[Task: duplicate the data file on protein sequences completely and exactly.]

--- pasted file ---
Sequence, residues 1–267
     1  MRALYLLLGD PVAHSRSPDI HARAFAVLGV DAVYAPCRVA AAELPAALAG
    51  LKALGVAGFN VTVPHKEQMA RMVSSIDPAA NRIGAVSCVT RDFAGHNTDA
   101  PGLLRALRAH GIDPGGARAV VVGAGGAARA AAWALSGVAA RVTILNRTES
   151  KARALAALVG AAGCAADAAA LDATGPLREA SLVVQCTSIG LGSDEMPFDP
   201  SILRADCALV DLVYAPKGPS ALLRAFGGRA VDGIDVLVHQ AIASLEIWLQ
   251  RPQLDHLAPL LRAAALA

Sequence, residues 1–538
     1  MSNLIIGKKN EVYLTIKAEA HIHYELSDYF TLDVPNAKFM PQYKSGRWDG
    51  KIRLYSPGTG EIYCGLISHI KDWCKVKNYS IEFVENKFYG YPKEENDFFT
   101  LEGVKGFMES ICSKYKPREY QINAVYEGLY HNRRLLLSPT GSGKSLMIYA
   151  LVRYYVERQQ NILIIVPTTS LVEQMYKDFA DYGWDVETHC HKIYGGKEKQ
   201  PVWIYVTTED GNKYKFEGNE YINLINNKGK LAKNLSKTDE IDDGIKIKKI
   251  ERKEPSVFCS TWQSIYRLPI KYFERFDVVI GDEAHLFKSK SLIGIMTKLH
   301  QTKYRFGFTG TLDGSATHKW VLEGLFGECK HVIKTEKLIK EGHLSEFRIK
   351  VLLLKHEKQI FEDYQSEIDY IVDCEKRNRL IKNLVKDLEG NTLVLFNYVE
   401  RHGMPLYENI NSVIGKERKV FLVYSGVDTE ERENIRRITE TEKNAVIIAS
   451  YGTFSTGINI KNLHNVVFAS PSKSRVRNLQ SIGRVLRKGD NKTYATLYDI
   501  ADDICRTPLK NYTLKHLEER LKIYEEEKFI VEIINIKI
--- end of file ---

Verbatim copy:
Sequence, residues 1–267
     1  MRALYLLLGD PVAHSRSPDI HARAFAVLGV DAVYAPCRVA AAELPAALAG
    51  LKALGVAGFN VTVPHKEQMA RMVSSIDPAA NRIGAVSCVT RDFAGHNTDA
   101  PGLLRALRAH GIDPGGARAV VVGAGGAARA AAWALSGVAA RVTILNRTES
   151  KARALAALVG AAGCAADAAA LDATGPLREA SLVVQCTSIG LGSDEMPFDP
   201  SILRADCALV DLVYAPKGPS ALLRAFGGRA VDGIDVLVHQ AIASLEIWLQ
   251  RPQLDHLAPL LRAAALA

Sequence, residues 1–538
     1  MSNLIIGKKN EVYLTIKAEA HIHYELSDYF TLDVPNAKFM PQYKSGRWDG
    51  KIRLYSPGTG EIYCGLISHI KDWCKVKNYS IEFVENKFYG YPKEENDFFT
   101  LEGVKGFMES ICSKYKPREY QINAVYEGLY HNRRLLLSPT GSGKSLMIYA
   151  LVRYYVERQQ NILIIVPTTS LVEQMYKDFA DYGWDVETHC HKIYGGKEKQ
   201  PVWIYVTTED GNKYKFEGNE YINLINNKGK LAKNLSKTDE IDDGIKIKKI
   251  ERKEPSVFCS TWQSIYRLPI KYFERFDVVI GDEAHLFKSK SLIGIMTKLH
   301  QTKYRFGFTG TLDGSATHKW VLEGLFGECK HVIKTEKLIK EGHLSEFRIK
   351  VLLLKHEKQI FEDYQSEIDY IVDCEKRNRL IKNLVKDLEG NTLVLFNYVE
   401  RHGMPLYENI NSVIGKERKV FLVYSGVDTE ERENIRRITE TEKNAVIIAS
   451  YGTFSTGINI KNLHNVVFAS PSKSRVRNLQ SIGRVLRKGD NKTYATLYDI
   501  ADDICRTPLK NYTLKHLEER LKIYEEEKFI VEIINIKI